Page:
It was Harold Wilson who first turned a Labour leader's choice of holiday destination into a political statement. Before he took office in 1964, the country was accustomed to the idea that the Prime Minister went grouse shooting in Scotland every August. Wilson's choice of the Scilly Isles was his way of saying that he was just like everybody else – because although not many could actually afford a Scilly Islands' holiday, most people felt they might be able to.
This summer, five candidates are engaged in a drawn-out contest to be the next Labour leader. By agreement, there is a ceasefire this week, and with it a brief chance for a vacation, but, of course, as they choose where to spend their well-earned rest, they are anxious not to indulge in any extravagance as the nation endures economic hardship.
The example they cannot afford to follow is the one set by Tony and Cherie Blair, for whom a holiday was a statement of a different kind – a demonstration that New Labour had no hang-ups about hanging out with the seriously rich. Silvio Berlusconi's villa on Sardinia, Cliff Richard's £3m pad on Barbados, Sir Richard Branson's game reserve in South Africa – there was not a rich man's home too luxurious for the Blairs to borrow.
The difficulty with Gordon Brown, of course, was getting him to go on holiday at all. For his three summer breaks as PM, he and Sarah first chose Dorset (but he abandoned that holiday to deal with the foot-and-mouth outbreak), then bucket-and-spade favourite Suffolk, and in 2009, they took a break in the Lakes and then Scotland, where Brown spent part of his time working.
If we were rating the former premiers' holidays on a "How in touch with Labour's roots are you?" scale, Brown's arrangements would merit Four Cloth Caps, while it is obvious that freeloading off Silvio Berlusconi is a Nil Cap. Only Margaret Beckett and her caravan would be worth the full Five Cloth Caps and Ferret.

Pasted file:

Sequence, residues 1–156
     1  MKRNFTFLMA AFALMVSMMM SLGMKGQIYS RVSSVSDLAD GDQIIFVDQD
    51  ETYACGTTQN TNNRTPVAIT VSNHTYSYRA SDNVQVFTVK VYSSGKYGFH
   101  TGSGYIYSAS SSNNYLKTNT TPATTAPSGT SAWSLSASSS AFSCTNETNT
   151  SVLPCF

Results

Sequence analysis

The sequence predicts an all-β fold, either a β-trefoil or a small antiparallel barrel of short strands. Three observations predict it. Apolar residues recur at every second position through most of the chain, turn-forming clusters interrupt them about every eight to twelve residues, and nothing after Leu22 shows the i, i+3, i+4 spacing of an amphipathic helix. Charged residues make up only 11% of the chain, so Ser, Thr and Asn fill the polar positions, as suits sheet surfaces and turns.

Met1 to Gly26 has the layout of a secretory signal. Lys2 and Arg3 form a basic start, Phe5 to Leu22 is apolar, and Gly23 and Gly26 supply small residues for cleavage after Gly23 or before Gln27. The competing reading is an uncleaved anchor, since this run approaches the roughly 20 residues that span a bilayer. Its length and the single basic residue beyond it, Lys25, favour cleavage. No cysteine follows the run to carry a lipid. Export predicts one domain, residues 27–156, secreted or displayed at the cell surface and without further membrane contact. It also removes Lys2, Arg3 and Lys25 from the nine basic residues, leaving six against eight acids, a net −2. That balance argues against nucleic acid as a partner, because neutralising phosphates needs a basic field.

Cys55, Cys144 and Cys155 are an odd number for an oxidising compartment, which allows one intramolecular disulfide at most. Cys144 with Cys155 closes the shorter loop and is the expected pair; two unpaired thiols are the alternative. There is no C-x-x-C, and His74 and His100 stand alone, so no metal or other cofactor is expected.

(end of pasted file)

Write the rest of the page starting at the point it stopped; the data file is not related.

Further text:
Destination New England, US
Until recently, the former education secretary and his wife, Yvette Cooper, had two Cabinet ministers' salaries. They still have two MPs' wages, so can afford to fly away. They seem to have the same fondness for the north-eastern US states as Gordon Brown, who holidayed there almost every year when he was chancellor. They have hired a large camper van and are driving their three children to destinations including Boston and Maine.
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Destination Remaining coy
She campaigns as the most left-wing candidate in the field, but has never been embarrassed about accumulating money and spending it. She could afford a recession-defying break in the Seychelles, but is not going to take it. Her office said: "She might take a holiday somewhere in Britain later, but she has not got anything organised yet."
Cloth Cap Rating Awaits judgement
The older Miliband worked closely with Blair in Downing Street, and has a phalanx of the old Blairites supporting his campaign. Therefore, he is the one you might expect to be holidaying in a villa borrowed from a multi-millionaire somewhere exotic. But actually, he, his wife Louise, and their adopted sons are in a holiday cottage in a beautiful but not highly fashionable part of rural Northumberland.
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Ed has tacked to the left a bit in the campaign, creating political space between him and his older brother, so it would not have helped his image if he had jetted off somewhere plush. Besides, his other half, Justine Thornton, is expecting their second child in November, so flying would not be a good idea. They are spending 12 days on the south coast of Cornwall with their one-year-old son, Daniel.
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Destination Oban, Scotland
Since he entered the leadership race, the former Health Secretary has been on a voyage of rediscovery of his northern working-class roots. As the son of a telephone engineer, he has the most down-to-earth background. He is heading for a break near the seaside resort of Oban, on the west coast of Scotland.
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